Modern appliances simplify various activities: washing dishes, cooking food, disposing of food scraps, etc. Garbage disposals and dishwashers are two common appliances in many kitchens, going hand in hand. In many cases, the two meet and share plumbing, making the installation easier.
However, can you install a dishwasher without a garbage disposal? If you plan on installing a dishwasher or garbage disposal soon, this may be a point of concern. This article will answer these questions and clear up any confusion surrounding the topic, so stick around to learn more!
Do All Dishwashers Have A Garbage Disposal?
No, not all dishwashers have a garbage disposal. With that said, many American-made dishwashers feature a built-in water garbage disposal. European models tend to have filtration systems to purify the food particles from the drainage water.
Built-In Garbage Disposals
Nowadays, most dishwashers come in one of two varieties: with a filtration system or built-in garbage disposal. Major American-made brands, like KitchenAid, Whirlpool, and GE, come with hard food disposers. These disposers are essentially mini garbage disposals, with a lower grinding capacity and motor power than their larger comrades.
Usually, these disposers can’t handle the same amount of food waste as their larger counterparts since they don’t have the capacity or motor power to handle the excessive waste.
The built-in garbage disposal allows people to simply scrape excess food from dishes, then add them to the dishwasher. The dishwasher takes care of the rest, disposing of small food particles entirely.
Due to the added appliance, these dishwashers make more noise. Although the noise is relatively quiet compared to a full-size garbage disposal, they still produce some noise. Of course, noise levels vary from one brand to the next, but the noise is typically like softer background noise.
Unlike American-made dishwashers, European dishwashers usually feature filtration systems. Many of these manufacturers believe the addition of a garbage disposal is entirely unnecessary. So, instead of a garbage disposal, these appliances usually have a filtration system.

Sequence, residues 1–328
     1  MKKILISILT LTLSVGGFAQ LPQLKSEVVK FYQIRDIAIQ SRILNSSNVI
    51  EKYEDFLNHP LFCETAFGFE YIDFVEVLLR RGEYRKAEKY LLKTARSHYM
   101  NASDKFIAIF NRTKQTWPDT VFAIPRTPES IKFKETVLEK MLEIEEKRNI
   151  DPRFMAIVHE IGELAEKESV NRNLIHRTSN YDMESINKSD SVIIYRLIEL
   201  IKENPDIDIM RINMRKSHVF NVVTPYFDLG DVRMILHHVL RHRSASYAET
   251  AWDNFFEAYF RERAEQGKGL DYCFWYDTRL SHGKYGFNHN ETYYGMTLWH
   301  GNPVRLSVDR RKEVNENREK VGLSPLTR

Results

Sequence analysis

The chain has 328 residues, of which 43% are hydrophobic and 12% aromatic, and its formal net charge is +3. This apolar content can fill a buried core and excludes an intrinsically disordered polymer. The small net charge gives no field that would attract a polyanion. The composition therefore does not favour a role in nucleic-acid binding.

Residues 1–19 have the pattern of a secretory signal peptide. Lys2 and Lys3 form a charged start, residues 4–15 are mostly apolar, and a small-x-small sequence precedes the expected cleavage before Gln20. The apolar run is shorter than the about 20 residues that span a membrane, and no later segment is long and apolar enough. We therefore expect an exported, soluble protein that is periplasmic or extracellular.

The high temperatures produced by the appliance during the washing process helps break down food particles, which then are intercepted by the filtration system. Although you don’t have the extra noise that a garbage disposal would produce, you have to check the filters regularly.
Depending on how often you use them, “regularly” could be once every ten days or once a month. It ultimately depends on how often you use the appliance. However, failing to check the filters regularly could lead to clogs along the drain lines, which creates all sorts of issues.
However, in terms of two entirely separate appliances, no, not all dishwashers have a garbage disposal. Generally, if you have both appliances, the dishwasher line hooks up to the side of the garbage disposal. The connection enables the two to share plumbing.
Many homes have dishwashers, but not all have garbage disposals. Although garbage disposals are a staple in many kitchens, they aren’t feasible in all scenarios. For example, garbage disposals can interfere with the biology in a septic tank, so they’re less common in homes with septic tanks.
How Do You Hook Up A Dishwasher Without A Garbage Disposal?
Although dishwashers usually connect to a garbage disposal, providing there’s one present, it isn’t necessary. You can easily bypass the appliance with specific piping attachments.
If you don’t have a garbage disposal with your dishwasher, you must include an air gap within the new dishwasher installation. This ensures the appliance is in agreement with local plumbing codes and regulations.
The Uniform Plumbing Code Section 807.4 states, “no domestic dishwashing machine shall be directly connected to a drainage system or food waste disposer without using an approved dishwasher airgap fitting on the discharge side of the dishwashing machine.”
The dishwasher’s hose must run down from the air gap (or high loop) and join the sink drain via a drain tailpiece with a branch fitting. The hose fits onto the ribbed branch fitting, then is secured with a hose clamp.
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For everything to function correctly, the dishwasher hose must connect to the sink drain before the drain’s P-trap. If it connects to the drain after the P-trap, there may be a backflow of sewer gasses into the dishwasher hose and into the dishwasher.
This doesn’t bode well for clean dishes, so it’s essential to secure the hose to the correct spot. Since a dishwasher drains into your kitchen’s plumbing system, there’s a possibility of dirty water siphoning back into the appliance and contaminating clean dishes or the freshwater supply.
Dirty, contaminated water has no place in a clean dishwasher, so installing the proper plumbing is an integral part of the process. If you’re not familiar with plumbing projects, it may be best to hire a plumbing to handle the process. Installing a dishwasher without a garbage disposal requires some know-how with circuits and plumbing.